The new Snøhetta building at SFMOMA. Dezeen has a great slideshow. (via Dezeen)

The new Snøhetta building for SFMOMA. Dezeen has a great slideshow. (via Dezeen)

This week, the new SFMOMA, artist-gallery breakups, Obama and the Churchill bust, portraits out of data, Moscow’s tacky art problem, and more.

 Über-gallerist Larry Gagosian was profiled by the Wall Street Journal, and there are a lot of choice quotes and facts:

Gagosian makes no apologies about pricing. It’s “a laissez-faire form of business,” he says. “I don’t think the art market is for everybody. Yeah, of course, we have a global gallery. But we’re like the one-tenth of the one-tenth of the one-tenth. OK? Not just who’s buying but who’s really seriously engaged with art. I don’t think that’s such a bad thing. I believe in the popularizing of art. But when you get right down to it, it’s a bit of an elitist world. Not just economically elitist—how many people read poetry?”

… “You might call it risk-taking, you might call it river gambler,” adds Serra. “But Larry doesn’t frighten easily. If he sees an opening, he takes it.”

… Broad, who recently opened a museum in L.A., estimates that he and his wife, Edythe, have acquired about 40 percent of their nearly 2,000-piece collection from Gagosian.

… “I don’t think there’s anybody in history who’s sold more unfinished artworks,” says art collector Bill Bell of Gagosian. “It’s almost unimaginable.”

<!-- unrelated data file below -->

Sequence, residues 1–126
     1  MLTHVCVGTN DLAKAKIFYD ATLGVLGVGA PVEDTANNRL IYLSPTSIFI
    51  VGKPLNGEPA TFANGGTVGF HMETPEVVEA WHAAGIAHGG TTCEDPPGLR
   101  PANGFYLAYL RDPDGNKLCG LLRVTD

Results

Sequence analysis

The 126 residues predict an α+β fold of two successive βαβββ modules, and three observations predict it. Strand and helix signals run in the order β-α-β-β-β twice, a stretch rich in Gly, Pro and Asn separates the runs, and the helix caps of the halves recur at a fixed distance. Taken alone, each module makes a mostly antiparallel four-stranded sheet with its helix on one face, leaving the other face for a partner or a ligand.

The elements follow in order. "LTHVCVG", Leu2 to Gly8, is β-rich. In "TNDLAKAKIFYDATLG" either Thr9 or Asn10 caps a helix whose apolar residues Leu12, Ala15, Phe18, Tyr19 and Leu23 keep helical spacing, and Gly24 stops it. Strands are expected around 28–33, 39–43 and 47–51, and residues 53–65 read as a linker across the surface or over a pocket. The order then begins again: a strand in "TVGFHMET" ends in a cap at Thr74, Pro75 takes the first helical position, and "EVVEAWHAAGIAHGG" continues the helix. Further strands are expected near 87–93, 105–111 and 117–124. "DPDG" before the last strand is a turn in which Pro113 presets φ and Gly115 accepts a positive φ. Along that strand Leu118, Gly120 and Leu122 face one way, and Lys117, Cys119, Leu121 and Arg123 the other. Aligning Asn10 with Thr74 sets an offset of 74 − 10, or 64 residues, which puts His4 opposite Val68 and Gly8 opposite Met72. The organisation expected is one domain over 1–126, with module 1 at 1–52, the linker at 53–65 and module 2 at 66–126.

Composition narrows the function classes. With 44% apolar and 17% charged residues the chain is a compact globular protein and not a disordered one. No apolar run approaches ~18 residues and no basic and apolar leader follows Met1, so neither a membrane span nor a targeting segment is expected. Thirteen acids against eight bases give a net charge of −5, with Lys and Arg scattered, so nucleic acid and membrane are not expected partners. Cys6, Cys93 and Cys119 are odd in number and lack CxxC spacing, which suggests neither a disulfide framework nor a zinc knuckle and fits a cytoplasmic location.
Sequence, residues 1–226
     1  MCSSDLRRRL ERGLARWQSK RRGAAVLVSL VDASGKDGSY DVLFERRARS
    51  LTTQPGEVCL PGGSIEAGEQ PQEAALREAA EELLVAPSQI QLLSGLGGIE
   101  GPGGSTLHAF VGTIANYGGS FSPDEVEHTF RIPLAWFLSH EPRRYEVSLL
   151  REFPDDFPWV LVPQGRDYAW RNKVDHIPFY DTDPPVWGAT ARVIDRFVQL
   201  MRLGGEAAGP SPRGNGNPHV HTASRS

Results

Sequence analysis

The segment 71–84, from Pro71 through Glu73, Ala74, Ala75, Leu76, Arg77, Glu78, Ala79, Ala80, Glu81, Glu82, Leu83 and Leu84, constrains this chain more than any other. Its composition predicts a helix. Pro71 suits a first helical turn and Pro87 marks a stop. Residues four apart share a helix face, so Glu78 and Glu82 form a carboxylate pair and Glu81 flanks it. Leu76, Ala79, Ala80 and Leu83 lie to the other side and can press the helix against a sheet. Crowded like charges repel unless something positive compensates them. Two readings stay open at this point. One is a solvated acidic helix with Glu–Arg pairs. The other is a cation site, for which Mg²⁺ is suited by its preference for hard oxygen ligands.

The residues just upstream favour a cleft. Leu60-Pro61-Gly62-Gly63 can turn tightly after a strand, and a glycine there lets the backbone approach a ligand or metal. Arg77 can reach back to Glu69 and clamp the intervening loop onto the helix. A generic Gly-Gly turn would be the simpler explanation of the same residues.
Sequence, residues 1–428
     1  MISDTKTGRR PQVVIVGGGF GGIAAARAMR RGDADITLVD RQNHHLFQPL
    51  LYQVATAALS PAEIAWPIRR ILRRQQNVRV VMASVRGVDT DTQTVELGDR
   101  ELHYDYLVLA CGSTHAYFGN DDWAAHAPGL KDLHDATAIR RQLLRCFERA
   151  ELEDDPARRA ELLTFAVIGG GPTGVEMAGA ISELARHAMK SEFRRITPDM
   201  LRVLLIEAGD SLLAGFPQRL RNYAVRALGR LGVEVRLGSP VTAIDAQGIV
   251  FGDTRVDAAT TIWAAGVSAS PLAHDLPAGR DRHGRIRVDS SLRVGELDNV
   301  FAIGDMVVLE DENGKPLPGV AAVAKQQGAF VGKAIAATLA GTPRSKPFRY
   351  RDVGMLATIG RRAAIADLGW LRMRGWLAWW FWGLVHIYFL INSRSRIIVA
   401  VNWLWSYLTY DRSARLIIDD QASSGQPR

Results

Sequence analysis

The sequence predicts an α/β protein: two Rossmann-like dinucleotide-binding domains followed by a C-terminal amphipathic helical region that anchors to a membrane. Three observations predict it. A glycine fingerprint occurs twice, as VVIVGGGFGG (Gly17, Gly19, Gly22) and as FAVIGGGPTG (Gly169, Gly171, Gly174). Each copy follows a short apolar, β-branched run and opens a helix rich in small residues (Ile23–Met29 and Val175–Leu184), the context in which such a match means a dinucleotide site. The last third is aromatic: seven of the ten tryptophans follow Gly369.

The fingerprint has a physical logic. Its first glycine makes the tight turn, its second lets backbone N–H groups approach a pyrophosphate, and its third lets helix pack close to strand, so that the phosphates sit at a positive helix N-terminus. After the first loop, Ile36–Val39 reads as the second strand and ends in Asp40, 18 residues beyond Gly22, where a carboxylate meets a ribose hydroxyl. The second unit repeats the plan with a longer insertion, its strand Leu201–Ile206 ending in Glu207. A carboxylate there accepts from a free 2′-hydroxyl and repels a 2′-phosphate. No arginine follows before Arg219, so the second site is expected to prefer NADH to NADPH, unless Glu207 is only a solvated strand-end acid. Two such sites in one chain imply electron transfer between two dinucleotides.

… “It’s about the quality of the work, and it’s about, also, can you sell it?” he says. “Because believe me, that’s what artists want: They want their work to sell. It’s a big responsibility, because you’re their main source of income. So you’ve got to make sure you can do the job. You know, they’re buying their country houses and they’re putting their kids in private schools and they need money, and that makes the world go around.”

 There is so much manufactured drama about the bust of Winston Churchill that was removed from the Oval Office:

“There are only so many tables where you can put busts. Otherwise, it starts looking a little cluttered,” the president explained. “And I thought it was appropriate, and I suspect most people here in the United Kingdom might agree, that as the first African-American president, it might be appropriate to have a bust of Dr. Martin Luther King in my office.”

 Christopher Hawthorne of the LA Times says SFMOMA’s new Snøhetta-designed expansion tries but …

The contrast between that attitude and the way the other new towers in San Francisco’s thickening skyline carry themselves is extreme. As you look east from the higher of the two terraces, on the seventh floor, you are confronted with the aggressively large and broad-shouldered dark-glass form of a new 26-story office building at 2nd and Howard streets, designed by Thomas Phifer and leased by LinkedIn. The SFMOMA tower is by comparison all stooping form and retreating volume.